25
Sat, May

Un Momentito

ERIC PREVEN'S NOTEBOOK

ERIC PREVEN’S NOTEBOOK - Who wants to be the homelessness beat reporter?   What a grim assignment. 

Or County jails... "anyone?" 

Gale Holland of the Los Angeles Times has done a terrific job over the years and many great writers cover subjects because they have knowledge and background and expertise. 

It was a nice angle for Supervisor Janice Hahn following a metro meeting last year, announcing that she will be forcing the LASD to respect the vax mandate.  The Sheriff who says he supports the vaccination but not the mandate, has decided to withdraw from Civilian Oversight Commission meetings until the Board apologizes for insulting his department.   He wrote a three-page letter.  

One guy, Joe Maizlish, has covered the No More Jails beat at the LA County Board of Supervisors for decades.  He's not with the LA Times, but rather a member of the public - activism division.  

Whenever Joe would speak to the Board, which was frequently but not every time, he would introduce himself as a marriage and family counselor. 

Joe worked with groups in extreme conflict and trauma and devoted many hours that I know of personally working with me, and the Board of Supervisors, who have had various "issues" over the years.   

He could do a lot to improve the Sheriff and the Board's relations if they would allow him in there. 

Joe was there the day the Board of Supervisors threw the public out of the room after a coordinated No More Jails disturbance.  He was there in the sixties after being incarcerated for what sounded like Viet Nam-related protest activity... 

It was a long road to where we met, standing in the bullpen ready to activate the Board of Supervisors against standing by...  

I became particularly focused on derailing a plan to send women who had been incarcerated to Lancaster where the risk of contracting and getting very sick from Valley Fever was significantly greater for women, African American women, Filipino women.  

Joe rarely lost his cool. He was mostly reasoned, measured, and modest.  A magnificent sense of calm.    

But not weakness, resolve... fortitude.  He would never go away without telling you why he'd come.   He lingers like your conscience

Joe made me a better, more reasonable person. 

With Joe in mind, you can muster the strength of Mahatma Gandhi.   

Joe died in March and I miss him! 

  

Un Momentito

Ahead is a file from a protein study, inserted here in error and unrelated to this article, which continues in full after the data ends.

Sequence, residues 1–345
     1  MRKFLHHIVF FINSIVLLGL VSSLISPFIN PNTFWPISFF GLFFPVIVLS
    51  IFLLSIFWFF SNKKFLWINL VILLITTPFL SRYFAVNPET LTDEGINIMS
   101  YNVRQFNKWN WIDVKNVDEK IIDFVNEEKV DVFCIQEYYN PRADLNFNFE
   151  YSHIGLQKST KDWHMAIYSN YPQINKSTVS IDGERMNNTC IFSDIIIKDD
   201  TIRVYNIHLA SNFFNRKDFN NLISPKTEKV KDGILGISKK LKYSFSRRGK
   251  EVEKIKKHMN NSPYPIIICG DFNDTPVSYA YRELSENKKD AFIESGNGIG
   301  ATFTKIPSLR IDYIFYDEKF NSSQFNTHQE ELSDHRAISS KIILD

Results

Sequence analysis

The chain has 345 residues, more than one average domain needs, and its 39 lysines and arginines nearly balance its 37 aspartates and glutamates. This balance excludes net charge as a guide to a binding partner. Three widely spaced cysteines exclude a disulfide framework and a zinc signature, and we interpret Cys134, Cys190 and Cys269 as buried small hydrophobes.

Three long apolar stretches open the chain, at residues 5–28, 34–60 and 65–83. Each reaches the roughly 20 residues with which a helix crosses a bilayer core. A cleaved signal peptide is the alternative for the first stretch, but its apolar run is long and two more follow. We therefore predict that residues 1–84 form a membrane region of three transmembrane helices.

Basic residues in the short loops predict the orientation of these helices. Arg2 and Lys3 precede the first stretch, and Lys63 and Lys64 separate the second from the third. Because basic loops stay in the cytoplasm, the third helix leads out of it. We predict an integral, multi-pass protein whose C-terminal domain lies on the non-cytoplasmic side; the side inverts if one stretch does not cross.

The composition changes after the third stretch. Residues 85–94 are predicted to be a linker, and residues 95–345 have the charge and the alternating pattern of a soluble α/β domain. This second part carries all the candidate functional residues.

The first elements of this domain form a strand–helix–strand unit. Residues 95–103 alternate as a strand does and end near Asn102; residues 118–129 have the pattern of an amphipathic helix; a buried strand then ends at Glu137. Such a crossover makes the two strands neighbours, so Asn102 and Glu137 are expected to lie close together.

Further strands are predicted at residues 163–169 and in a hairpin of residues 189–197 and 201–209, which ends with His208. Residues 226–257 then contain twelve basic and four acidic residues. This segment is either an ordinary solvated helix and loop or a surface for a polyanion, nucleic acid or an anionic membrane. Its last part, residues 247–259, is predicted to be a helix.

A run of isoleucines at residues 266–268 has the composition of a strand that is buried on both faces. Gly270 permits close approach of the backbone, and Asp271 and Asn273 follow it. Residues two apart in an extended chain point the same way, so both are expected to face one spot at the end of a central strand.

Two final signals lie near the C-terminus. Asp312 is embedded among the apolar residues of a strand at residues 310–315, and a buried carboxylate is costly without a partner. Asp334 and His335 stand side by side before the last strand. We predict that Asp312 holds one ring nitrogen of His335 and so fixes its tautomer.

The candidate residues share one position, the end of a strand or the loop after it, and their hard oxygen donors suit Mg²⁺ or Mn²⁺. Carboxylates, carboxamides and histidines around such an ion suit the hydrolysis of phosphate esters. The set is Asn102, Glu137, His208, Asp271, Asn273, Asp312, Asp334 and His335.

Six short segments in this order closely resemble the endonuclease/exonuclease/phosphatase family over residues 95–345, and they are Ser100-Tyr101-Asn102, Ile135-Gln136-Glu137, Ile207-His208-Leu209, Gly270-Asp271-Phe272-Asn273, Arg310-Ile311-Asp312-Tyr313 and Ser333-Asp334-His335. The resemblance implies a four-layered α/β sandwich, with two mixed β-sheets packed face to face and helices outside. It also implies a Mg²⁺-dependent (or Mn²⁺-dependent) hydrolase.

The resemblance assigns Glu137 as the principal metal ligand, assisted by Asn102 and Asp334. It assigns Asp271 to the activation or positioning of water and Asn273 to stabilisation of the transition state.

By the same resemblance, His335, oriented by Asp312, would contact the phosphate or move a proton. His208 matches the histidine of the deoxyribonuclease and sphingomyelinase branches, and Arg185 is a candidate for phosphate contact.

Tylenol is hot again, following the reveal that President Joe Biden took some to treat his Covid, among other drugs, and survived.  The Los Angeles County Board of Supervisors,,  who came out of seclusion to conduct a virtual meeting must have wanted to ask Dr. Ferrer and Ghaly about the Tylenol, but there was a lot of overt and latent bickering to do on Tuesday.  

Nury Martinez, who appeared on Wednesday, after several weeks of 'hiatus' wearing a blue polka dotted chamise and a mask that did not seem coordinated, had a large agenda but promised to take 45 public speakers.  I think she meant 45 minutes of public speaking, which included a robust spanish speaking crowd, giving Nury ample opportunities to drop her new catchphrase, "Un momentito."    

There was a cavalcade of resistance to the pending approval of the 41.18 ordinance, but thanks to Mike Bonin voting no last time, will come back next week before being slammed through.    

The heme, "People who are unhoused also have children," and the proposed 500-foot 41.18 zones surrounding schools and daycare centers is about, "pushing our national disgrace out of view."  

Speaker after speaker articulated how the 41.18  plan would help house... no one.    

Council President Martinez seemed pleased with herself and said that the City's housing department will be back with their 30 day report back.   Everyone wondered, will Mark Ridley-Thomas return for this exciting twist?  

Paul Krekorian tapped the mic and the moment he was recognized, the crowd erupted in anger.  

Nury, knew what to do instantly,  and shrieked, "Mr. Sergienko!"  

Strefan Fauble, the City Attorney, who has been out on R&R, presumably in a tony enclave back east or maybe DisneyWorld, was delighted to pipe up and tell Mr. Sergienko that he was "disrupting the meeting."   

Fauble must have missed his weekly scolding sessions during hiatus and activated his 'disruption narration' mode, "Mr. Sergienko is still disrupting the meeting." "He continues to disrupt the meeting."  "He is still disrupting." 

After several minutes of this  'elevated' discourse, Sergienko shouting as Paul Krekorian shakes his head in disgust, Krekorian got his turn.